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Great Expectations (Graphic Novel) Paperback – January, 1990

4.8 out of 5 stars 8 customer reviews

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Editorial Reviews

From Publishers Weekly

Returning to print after more than a decade, this first volume in the relaunch of the Classics Illustrated series presents a handsomely rendered adaptation of the orphaned Pip's first-person narrative of his journey from humble childhood to adulthood as an English gentleman. Though quite involving, this retelling of the Dickens classic registers as a fast forward version of the epic tale of one man's evolution and the hard lessons learned from it, but that aspect is a minor quibble shoved aside by Geary's charmingly cartoony art. Long hailed for his unique work in such diverse showcases as the New York Times, National Lampoon and his exceptional continuing series A Treasury of Victorian Murder, Geary's fleshy characterizations breathe a near-animated life into the classic tale. This pleasant graphic interpretation can serve as an introduction to Dickens for younger readers and perhaps eventually steer them to the wider world of the source material and beyond. (Apr.)
Copyright © Reed Business Information, a division of Reed Elsevier Inc. All rights reserved. --This text refers to an out of print or unavailable edition of this title.

From Booklist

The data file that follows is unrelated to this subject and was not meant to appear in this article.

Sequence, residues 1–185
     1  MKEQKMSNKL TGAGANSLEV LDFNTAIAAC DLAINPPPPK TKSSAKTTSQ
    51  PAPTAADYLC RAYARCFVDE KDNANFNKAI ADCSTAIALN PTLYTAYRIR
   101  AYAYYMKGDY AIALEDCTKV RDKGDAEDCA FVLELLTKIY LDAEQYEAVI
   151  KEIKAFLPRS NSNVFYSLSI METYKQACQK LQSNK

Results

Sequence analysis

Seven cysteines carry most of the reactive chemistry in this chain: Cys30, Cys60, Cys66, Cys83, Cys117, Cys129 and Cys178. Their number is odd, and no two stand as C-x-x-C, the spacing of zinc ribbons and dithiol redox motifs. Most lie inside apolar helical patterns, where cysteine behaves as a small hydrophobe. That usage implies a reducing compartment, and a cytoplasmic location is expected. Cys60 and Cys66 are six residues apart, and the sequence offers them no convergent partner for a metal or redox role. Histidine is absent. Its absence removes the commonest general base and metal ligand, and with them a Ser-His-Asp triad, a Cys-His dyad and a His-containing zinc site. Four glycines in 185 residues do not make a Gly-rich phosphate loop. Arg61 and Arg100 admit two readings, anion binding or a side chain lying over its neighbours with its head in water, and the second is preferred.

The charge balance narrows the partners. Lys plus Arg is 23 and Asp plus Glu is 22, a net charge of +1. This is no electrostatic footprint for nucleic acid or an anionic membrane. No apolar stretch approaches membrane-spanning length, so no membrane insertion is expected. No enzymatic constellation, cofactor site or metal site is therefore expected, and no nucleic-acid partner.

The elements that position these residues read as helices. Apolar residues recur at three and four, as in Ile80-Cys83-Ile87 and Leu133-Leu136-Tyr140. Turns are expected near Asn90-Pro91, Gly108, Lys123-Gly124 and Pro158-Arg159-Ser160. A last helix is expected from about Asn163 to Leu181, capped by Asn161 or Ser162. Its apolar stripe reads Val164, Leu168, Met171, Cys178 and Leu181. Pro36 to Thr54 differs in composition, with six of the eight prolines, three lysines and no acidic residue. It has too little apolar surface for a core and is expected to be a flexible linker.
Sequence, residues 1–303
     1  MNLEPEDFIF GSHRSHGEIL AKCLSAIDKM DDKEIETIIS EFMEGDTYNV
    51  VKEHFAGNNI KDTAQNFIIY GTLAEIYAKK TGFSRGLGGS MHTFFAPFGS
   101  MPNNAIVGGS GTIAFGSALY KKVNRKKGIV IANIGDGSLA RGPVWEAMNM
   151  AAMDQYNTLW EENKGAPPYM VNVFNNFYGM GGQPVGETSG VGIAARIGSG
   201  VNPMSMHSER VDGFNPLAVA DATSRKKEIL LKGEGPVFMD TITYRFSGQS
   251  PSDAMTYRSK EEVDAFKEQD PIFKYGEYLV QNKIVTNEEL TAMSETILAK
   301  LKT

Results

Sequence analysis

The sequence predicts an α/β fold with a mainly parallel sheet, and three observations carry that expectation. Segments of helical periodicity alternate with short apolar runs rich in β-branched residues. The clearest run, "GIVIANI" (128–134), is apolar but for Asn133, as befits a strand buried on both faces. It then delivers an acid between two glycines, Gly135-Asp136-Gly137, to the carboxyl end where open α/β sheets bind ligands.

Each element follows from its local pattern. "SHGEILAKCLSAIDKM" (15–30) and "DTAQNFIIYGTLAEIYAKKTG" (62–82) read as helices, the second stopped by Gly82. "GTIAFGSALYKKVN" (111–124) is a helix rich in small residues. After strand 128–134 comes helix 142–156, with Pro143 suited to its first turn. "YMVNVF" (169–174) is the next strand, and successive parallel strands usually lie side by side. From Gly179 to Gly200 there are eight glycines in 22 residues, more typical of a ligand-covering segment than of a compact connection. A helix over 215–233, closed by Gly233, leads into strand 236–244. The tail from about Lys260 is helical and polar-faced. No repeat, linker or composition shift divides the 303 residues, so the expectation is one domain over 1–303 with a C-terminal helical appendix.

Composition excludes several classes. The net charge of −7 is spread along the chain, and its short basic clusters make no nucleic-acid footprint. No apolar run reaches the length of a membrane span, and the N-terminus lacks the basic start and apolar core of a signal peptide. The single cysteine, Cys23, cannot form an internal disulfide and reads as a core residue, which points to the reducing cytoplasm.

Many baby boomers got their first taste of great literature from a Classics Illustrated comic. This volume in the relaunched line introduces readers to Charles Dickens’ Great Expectations, the story of a young man’s search for acceptance after receiving riches from a mysterious benefactor. With a book as long as Dickens’ classic, it’s natural that the comic is text heavy, but even so, it’s astonishing how well adaptor and illustrator Geary hits the high points of the serpentine story. The art captures the drama (and don’t miss the beautiful endpapers), though for those who know the story, Miss Havisham is drawn more coarsely than one might wish. Use this as a gateway to the classic; it may also be the only chance some kids get to meet Dickens’ fascinating characters. Either way, readers will come away understanding why the story has endured. An updated profile of Geary, and a note from the editor of the original series complete the new harcover package. Grades 4-7. --Ilene Cooper --This text refers to an out of print or unavailable edition of this title.